However, my scientist friends showed few such concerns: "There are countless things that I want to find out, and so many problems I want to solve, that I could use many centuries." I'll grant that religious beliefs can bring mental relief and emotional peace—but I question whether these, alone, should be seen as commendable long-term goals.

The quality of extended lives

Anatole France: The average man, who does not know what to do with his life, wants another one which will last forever.

Certainly, immortality would seem unattractive if it meant endless infirmity, debility, and dependency upon others—but here we'll assume a state of perfect health. A somewhat sounder concern might be that the old ones should die to make room for young ones with newer ideas. However, this leaves out the likelihood that are many important ideas that no human person could reach in, say, less than a few hundred well focused years. If so, then a limited lifespan might deprive us of great oceans of wisdom that no one can grasp.

In any case, such objections are shortsighted because, once we embody our minds in machines, we'll find ways to expand their capacities. You'll be able to edit your former mind, or merge it with parts of other minds — or develop completely new ways to think. Furthermore, our future technologies will no longer constrain us to think at the crawling pace of "real time." The events in our computers already proceed a millions times faster than those in our brain. To such beings, a minute might seem as long as a human year.

How could we download a human mind?

Today we are only beginning to understand the machinery of our human brains, but we already have many different theories about how those organs embody the processes that we call our minds. We often hear arguments about which of those different theories are right — but those often are the wrong questions to ask, because we know that every brain has hundreds of different specialized regions that work in different ways. I have suggested a dozen different ways in which our brains might represent our skill and memories. It could be many years before we know which structures and functions we'll need to reproduce.

(No such copies can yet be made today, so if you want immortality, your only present option is to have your brain preserved by a Cryonics company. However, improving this field still needs further research — but there is not enough funding for this today — although the same research is also needed for advancing the field of transplanting organs.)

Some writers have even suggested that, to make a working copy of a mind, one might have to include many small details about the connections among all the cells of a brain; if so, it would require an immense amount of machinery to simulate all those cells' chemistry. However, I suspect we'll need far less than that, because our nervous systems must have evolved to be insensitive to lower-level details; otherwise, our brains would rarely work.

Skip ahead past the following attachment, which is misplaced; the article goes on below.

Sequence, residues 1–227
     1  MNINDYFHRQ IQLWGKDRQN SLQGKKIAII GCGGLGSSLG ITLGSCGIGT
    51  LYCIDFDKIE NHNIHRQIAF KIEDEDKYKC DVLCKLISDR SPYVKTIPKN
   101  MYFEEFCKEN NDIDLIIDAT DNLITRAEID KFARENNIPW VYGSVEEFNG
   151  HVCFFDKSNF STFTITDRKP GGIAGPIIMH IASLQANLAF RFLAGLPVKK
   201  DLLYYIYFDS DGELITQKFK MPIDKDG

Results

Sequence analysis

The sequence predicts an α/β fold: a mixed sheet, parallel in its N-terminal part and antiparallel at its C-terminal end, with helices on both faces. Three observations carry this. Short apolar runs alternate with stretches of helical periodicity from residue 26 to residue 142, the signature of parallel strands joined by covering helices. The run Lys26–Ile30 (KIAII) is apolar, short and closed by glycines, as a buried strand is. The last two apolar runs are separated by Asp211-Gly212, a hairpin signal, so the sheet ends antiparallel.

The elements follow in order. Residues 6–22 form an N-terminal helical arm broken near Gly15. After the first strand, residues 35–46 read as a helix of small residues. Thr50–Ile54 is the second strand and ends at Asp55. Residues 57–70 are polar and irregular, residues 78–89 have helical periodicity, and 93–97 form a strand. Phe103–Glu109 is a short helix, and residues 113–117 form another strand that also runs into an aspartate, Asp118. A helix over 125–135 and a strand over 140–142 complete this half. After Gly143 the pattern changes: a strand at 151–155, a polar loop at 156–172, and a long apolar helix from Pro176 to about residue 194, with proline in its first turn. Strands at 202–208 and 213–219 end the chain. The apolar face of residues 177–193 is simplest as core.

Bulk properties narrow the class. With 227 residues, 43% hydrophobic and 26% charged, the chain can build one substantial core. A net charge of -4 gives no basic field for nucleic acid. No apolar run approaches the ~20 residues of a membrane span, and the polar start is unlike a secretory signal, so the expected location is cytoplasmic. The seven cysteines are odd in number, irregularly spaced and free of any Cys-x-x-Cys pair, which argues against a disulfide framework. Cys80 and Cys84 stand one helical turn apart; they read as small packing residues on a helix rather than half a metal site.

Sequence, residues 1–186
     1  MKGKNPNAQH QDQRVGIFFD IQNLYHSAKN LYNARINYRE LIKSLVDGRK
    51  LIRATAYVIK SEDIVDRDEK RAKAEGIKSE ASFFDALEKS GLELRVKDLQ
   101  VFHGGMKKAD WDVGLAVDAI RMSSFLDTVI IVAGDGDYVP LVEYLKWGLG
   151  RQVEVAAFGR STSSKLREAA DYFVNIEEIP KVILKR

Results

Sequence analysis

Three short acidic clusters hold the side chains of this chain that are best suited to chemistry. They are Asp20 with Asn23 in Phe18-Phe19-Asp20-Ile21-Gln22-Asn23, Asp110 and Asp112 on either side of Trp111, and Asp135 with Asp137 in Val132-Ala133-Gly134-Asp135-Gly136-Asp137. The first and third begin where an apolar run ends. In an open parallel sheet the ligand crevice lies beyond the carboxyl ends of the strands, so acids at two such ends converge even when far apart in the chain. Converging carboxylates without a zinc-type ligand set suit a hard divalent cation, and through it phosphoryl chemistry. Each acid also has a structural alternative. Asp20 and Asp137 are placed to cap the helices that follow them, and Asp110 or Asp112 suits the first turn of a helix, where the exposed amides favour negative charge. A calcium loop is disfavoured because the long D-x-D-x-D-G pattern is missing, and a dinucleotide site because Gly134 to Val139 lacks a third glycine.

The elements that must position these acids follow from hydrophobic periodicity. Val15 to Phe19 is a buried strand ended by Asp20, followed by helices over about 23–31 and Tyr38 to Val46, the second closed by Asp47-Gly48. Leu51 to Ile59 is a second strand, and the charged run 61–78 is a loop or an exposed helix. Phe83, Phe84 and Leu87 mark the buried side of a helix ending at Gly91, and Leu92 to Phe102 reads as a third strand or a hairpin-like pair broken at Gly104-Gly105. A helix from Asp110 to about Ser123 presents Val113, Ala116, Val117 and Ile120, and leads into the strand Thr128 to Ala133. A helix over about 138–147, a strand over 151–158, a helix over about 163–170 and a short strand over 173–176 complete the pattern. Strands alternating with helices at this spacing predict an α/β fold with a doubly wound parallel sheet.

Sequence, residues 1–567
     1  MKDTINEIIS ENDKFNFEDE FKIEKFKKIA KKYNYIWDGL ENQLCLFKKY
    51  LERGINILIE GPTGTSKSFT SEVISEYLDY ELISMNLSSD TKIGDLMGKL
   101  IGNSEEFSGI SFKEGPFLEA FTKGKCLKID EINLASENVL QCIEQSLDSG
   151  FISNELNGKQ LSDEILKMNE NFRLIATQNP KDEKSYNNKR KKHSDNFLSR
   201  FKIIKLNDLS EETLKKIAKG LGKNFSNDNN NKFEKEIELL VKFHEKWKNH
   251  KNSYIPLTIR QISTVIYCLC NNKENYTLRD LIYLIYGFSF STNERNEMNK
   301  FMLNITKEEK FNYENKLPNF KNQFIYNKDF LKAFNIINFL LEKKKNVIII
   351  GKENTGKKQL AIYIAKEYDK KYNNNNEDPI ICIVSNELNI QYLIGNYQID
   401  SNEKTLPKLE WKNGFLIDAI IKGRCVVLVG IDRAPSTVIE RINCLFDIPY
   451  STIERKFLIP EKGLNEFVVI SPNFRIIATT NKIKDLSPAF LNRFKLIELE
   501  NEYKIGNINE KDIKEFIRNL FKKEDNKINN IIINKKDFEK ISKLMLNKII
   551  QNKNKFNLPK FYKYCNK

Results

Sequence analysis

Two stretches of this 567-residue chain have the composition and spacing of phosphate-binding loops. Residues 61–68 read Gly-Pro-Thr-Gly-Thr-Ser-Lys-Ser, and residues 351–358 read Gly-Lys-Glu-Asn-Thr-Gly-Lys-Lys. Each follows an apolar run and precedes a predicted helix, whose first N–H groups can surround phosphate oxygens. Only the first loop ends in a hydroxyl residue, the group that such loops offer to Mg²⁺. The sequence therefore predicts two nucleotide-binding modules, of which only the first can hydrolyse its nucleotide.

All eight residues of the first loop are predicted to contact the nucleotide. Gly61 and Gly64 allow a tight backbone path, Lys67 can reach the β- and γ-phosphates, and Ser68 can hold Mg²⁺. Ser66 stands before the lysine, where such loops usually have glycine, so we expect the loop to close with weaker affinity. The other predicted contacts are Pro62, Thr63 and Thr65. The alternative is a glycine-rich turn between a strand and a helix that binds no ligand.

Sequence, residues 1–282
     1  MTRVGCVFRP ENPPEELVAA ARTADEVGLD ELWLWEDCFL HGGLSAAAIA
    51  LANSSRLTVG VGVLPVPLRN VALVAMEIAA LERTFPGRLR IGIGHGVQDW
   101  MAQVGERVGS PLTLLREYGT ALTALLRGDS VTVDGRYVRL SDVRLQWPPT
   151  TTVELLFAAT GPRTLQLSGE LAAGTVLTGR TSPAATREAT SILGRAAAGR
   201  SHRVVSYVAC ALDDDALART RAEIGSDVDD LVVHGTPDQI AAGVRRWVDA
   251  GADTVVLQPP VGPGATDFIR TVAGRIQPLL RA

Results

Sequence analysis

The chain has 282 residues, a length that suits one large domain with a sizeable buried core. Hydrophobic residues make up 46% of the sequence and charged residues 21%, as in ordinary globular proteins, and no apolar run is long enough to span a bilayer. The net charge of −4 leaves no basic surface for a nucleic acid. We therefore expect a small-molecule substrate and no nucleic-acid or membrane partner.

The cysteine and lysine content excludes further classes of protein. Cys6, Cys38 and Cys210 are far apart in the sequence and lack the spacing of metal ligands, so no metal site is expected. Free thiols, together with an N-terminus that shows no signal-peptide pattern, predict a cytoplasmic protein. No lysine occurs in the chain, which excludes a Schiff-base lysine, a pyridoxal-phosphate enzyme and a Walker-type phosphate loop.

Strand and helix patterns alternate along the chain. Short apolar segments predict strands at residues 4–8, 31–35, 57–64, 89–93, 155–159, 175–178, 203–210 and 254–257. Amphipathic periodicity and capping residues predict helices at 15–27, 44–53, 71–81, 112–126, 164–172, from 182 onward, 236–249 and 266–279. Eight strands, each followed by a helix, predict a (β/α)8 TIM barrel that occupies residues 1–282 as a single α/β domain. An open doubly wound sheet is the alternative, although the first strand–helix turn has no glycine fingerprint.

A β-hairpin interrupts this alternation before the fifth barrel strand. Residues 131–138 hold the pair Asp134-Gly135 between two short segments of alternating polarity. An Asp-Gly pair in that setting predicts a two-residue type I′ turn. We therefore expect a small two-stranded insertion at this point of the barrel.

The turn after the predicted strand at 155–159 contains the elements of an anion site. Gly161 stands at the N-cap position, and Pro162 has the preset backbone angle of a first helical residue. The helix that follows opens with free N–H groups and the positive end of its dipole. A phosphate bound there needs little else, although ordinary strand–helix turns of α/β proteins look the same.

Fortunately, we won't need to solve all those problems at once. For long before we are able to make complete "backups" of our personalities, this field of research will produce a great flood of ideas for adding new features and accessories to our existing brains. Then this may lead, through smaller steps, to replacing all parts of our bodies and brains — and thus repairing all the defects and flaws that make presently our lives so brief. And the more we learn about how our brains work, the more ways we will find to provide them with new abilities that never evolved in biology.

Nineteen reasons why marriages succeed

[Neunzehn Gründe, warum Ehen glücken] Manuela Lenzen [1.21.16]

From Gene-knives and autistic neurons: The Scholars Association "Edge Foundation" asked well-known researchers, what is revolutionizing the sciences.The result is a fascinating kaleidoscope of new knowledge and methods.

[click for German original]

The big bang may not have been such a huge thud, as we imagine. Drones revolutionize not only the war, but also the research on wild animals. Two-thirds of all cancers are due to random mutations. And three principles are sufficient to define rationality. All answers to the question placed before the scientists of the "Third Culture" of American literary agent John Brockman: "What is the most interesting scientific news? And what makes them so important?"

For almost twenty years Brockman puts on his online forum edge.org regularly such a question: "What do you think is right, even if you can not prove it?" (2005), "What do you ask yourself?" (1998), "What is the scientific idea is ready for retirement?" (2014). For "Third Culture" is one of Brockman researchers from natural sciences and humanities, discuss their findings in a larger, multi-disciplinary and social context.